Audra Iness is no exception. At 15, she sat by her older brother’s bedside as he battled chronic pancreatitis, a diagnosis that kept him in and out of the hospital for the better part of a year. It wasn’t until his surgeons collaborated with researchers on a special surgery that he found relief.

And his sister found her calling — not only as a physician, but as a physician-scientist.

“I saw the interaction between the physicians and surgeons and the research lab,” Iness says. “Seeing it all come together was amazing. It transformed his life and our family’s life. That’s why I’m not only interested in the clinical side but also the research. I want to transform medicine as a whole.”

The VCU School of Medicine M.D.-Ph.D. student has already started, serving as a national leader among the next generation of physician-scientists. In July 2018, Iness began a one-year term as president of the American Physician Scientists Association, an organization led by trainees, for trainees. APSA strives to be the student physician-scientists’ leading voice for improving educational opportunities, advancing patient-oriented research and advocating for the future of translational medicine.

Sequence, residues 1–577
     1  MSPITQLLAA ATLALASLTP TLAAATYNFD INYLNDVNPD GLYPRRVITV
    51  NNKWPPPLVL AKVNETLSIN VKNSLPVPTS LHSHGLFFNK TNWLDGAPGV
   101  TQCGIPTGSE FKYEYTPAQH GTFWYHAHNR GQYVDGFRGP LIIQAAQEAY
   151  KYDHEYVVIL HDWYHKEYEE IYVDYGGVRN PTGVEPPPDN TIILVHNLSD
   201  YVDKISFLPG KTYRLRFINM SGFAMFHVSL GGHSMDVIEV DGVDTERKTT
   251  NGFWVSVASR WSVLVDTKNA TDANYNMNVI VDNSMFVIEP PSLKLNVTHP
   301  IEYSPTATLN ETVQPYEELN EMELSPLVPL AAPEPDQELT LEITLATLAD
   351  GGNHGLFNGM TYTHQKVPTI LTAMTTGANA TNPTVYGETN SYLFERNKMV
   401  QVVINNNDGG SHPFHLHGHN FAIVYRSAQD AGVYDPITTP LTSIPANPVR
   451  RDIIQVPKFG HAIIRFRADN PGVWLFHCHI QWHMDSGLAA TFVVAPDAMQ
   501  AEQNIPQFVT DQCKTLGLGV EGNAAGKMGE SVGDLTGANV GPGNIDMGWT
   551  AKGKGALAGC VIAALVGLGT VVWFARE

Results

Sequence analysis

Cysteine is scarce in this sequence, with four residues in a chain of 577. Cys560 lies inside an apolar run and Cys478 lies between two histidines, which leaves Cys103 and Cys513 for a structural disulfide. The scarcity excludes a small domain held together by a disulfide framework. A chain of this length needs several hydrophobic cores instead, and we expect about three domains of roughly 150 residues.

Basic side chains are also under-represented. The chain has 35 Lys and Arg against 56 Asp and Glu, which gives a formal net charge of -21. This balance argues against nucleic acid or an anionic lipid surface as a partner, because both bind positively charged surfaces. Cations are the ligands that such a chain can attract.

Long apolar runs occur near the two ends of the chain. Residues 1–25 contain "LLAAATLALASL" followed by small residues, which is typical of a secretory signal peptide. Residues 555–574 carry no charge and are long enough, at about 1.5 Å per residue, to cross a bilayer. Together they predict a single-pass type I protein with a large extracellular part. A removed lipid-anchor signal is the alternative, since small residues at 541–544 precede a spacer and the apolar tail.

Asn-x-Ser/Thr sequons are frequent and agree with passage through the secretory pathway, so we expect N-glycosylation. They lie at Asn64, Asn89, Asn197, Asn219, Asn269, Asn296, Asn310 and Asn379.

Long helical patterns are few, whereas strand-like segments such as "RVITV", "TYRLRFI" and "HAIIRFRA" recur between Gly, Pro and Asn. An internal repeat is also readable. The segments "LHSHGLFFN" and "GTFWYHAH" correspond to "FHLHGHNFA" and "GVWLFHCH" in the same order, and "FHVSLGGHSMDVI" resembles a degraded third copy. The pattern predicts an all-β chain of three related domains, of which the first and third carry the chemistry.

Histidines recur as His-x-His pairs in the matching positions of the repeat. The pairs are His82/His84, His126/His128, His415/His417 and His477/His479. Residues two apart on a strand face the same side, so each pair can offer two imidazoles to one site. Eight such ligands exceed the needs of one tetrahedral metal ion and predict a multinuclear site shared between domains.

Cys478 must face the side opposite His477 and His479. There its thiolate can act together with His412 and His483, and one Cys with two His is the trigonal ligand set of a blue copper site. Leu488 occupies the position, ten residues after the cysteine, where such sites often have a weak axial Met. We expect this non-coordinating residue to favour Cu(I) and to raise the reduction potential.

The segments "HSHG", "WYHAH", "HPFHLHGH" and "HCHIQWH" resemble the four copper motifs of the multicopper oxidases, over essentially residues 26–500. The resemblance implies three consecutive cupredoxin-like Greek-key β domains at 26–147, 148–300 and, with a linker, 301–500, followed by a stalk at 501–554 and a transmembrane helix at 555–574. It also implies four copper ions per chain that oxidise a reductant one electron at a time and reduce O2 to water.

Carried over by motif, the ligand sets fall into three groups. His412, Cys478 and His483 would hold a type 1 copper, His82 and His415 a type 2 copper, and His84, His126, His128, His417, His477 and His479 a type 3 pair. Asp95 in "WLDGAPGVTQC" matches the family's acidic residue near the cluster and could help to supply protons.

“Audra is a remarkable individual who deeply cares about the future of clinical research in the U.S. and does everything she can to advance the pipeline of physician-scientists,” says Michael Donnenberg, M.D., senior associate dean for research and research training.

As APSA president, Iness promotes key initiatives including mentorship and establishing an international consortium of physician-scientist trainee organizations. She recently returned from a conference in Canada and regularly speaks with M.D.-Ph.D. students across the globe about the challenges they face and ways to learn from one another.

Strong peer relationships are especially critical for M.D.-Ph.D. students who spend an average of eight years earning their dual-degree. At VCU, their medical education begins with two years of preclinical, followed by three to five years of graduate studies, and then back to the M.D. program for two clinical years.

“The training path is long and challenging so it’s helpful to have the peer support as students and later as peers in our professional lives,” says Iness, who is in the final semester of the graduate phase of the program. “Starting to establish those relationships now is extremely valuable.”